Can you tell by looking at a photo like this if it’s of a sunrise or a sunset? Absent knowledge of the time of day or the direction in which it was taken, I think not. Just as well I’m talking about both a start and a finish here then.
First, the crap that’s finishing – that would be public relations as spin. That would be lying, or inauthentic manipulation at best. That would be attempting to build and maintain a façade in the vain hope that customers, employees, investors and partners, present and future, confuse the façade for the real thing. As the saying goes, you can fool some of the people some of the time, but not so many for so long now that everyone packs a smartphone.
Enough has been written on this topic for me to hope that you’ll agree, or at least concur the trend is well established. As one of my characters in Attenzi points out:
If ‘perception is reality’ was the saying that characterized our approach to marketing and public relations before, we now have to consider that reality is perception.
When I first learned of the excellence theory of public relations I was immediately attracted to it. What’s not to like? It’s constructed on the basis that we use communication to negotiate with the public, resolve conflict and promote mutual understanding and respect between the organisation and its stakeholders. It describes a management function focused on this two-way communication to foster mutually beneficial relationships.
Unlike the asymmetry of publicity intent on ‘getting the message out’, practitioners of the excellence theory are as intent on getting the message in. Rather than maintaining a short-term whatever-it-takes interest in selling, they have a longer-term interest in what’s ultimately good for the organisation and its stakeholders.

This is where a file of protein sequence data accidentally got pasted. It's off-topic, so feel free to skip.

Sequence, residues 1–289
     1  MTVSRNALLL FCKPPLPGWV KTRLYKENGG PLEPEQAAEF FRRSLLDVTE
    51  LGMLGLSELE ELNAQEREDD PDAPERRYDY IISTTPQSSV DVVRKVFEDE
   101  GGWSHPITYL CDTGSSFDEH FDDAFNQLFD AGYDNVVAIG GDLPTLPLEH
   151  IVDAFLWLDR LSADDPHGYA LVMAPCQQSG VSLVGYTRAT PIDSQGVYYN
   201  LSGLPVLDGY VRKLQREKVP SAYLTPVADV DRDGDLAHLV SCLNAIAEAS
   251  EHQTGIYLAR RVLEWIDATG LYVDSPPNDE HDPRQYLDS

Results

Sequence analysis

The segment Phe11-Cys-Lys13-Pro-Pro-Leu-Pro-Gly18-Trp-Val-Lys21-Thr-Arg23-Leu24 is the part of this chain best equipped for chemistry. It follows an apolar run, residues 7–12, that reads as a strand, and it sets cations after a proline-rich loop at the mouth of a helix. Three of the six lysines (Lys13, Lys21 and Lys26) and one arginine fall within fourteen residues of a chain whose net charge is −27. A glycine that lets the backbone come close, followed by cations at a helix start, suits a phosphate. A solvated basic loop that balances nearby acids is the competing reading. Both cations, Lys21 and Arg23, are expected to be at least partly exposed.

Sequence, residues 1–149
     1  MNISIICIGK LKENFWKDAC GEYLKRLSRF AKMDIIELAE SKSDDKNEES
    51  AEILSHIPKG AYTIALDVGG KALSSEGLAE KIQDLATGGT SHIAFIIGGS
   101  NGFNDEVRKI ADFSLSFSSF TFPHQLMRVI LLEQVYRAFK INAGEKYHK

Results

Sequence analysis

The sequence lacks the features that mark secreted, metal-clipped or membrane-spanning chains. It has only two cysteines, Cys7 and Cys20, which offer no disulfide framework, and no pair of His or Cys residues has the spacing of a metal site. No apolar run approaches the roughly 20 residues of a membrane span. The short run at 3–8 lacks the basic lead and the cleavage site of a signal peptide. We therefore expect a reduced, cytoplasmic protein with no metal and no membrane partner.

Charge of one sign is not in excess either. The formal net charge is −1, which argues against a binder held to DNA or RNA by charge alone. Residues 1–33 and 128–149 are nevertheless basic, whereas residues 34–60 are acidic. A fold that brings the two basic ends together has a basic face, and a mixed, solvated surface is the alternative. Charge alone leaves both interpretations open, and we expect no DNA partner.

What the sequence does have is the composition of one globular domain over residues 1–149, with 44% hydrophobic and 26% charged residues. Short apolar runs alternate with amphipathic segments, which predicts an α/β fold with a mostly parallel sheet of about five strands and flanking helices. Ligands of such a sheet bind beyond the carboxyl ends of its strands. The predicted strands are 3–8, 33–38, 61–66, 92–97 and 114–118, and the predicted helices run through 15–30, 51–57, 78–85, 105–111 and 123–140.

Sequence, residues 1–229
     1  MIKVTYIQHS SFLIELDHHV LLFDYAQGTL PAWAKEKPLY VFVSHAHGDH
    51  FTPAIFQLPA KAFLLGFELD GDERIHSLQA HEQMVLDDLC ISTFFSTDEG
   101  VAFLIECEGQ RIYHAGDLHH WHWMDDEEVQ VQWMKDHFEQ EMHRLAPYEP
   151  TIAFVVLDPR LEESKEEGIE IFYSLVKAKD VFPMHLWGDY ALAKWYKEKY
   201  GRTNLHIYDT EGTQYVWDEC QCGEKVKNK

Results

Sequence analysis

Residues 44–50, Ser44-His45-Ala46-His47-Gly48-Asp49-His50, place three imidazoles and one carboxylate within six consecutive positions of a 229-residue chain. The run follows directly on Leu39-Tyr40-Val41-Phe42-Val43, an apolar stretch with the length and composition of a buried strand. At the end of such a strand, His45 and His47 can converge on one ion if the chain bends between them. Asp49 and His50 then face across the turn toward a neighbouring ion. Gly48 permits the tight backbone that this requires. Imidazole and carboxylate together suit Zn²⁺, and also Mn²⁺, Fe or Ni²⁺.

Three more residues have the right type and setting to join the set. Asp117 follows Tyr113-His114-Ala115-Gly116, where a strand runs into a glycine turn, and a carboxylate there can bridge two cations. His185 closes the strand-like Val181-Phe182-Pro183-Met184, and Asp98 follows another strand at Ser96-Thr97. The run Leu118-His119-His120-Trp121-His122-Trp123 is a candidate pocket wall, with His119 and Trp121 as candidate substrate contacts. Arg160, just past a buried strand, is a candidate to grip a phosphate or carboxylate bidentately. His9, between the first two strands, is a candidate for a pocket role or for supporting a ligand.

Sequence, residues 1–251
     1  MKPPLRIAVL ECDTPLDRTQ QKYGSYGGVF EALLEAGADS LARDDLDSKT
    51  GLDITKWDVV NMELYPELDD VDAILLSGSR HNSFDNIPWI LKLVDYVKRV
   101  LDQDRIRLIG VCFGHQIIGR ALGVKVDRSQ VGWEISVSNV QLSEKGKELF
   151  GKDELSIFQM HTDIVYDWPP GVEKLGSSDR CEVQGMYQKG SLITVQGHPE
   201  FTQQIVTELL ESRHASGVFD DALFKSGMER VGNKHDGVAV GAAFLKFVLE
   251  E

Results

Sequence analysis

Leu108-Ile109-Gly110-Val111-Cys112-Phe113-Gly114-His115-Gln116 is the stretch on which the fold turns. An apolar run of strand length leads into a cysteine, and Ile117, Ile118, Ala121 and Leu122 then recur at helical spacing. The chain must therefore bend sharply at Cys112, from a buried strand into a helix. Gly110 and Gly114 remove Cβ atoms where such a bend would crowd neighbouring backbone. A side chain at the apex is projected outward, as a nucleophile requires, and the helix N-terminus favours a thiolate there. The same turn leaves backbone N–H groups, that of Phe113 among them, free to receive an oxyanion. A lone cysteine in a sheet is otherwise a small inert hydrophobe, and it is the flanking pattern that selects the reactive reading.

I wrote more about this recently in the post ‘Big Data. Big Trust.‘, and Stowe Boyd published an interview with me today where I get to talk about an extension to the excellence theory among other things, so let me move onto the social business mutuality stack.
In biology, mutualism is the symbiotic interaction between different species that is mutually beneficial. Of course we’re not talking about different species here, although when I find someone religiously wed to command and control hierarchy I do wonder 🙂
I invoke mutuality to mean all parties having respect and understanding for others’ points of view and working together to increase that respect and understanding. There is tacit reciprocity.
Mutuality is central to the way I think about social business. It’s part of its DNA. Even if we start from the lowest base of thinking of social business as nothing more than the deployment of the latest social media tools and services we still get there …
We don’t have media for media’s sake but to communicate. And we don’t communicate for communication’s sake, but to influence and to be influenced – after all no man is an island, and no organisation can be either. We all tune our communications channels to those we consider serve us best, to those we trust, so if we want our message to get through we’d better understand the needs of our interlocutors. And the best way to do that is to listen and learn, respond and serve.
So, social business demands we build mutual understanding to enable mutual influence in the pursuit of mutual value. If we start out with shared values (rather than shared purpose necessarily – see this post), then we should get up that stack all the sooner. If we don’t, then more will be demanded of that mutual understanding process.
As public relations excellence is core to social business success, I’ve joined a small cohort in rekindling the dialogue about what it means in today’s world and how it needs to be adapted accordingly. More to come 31st March 2014.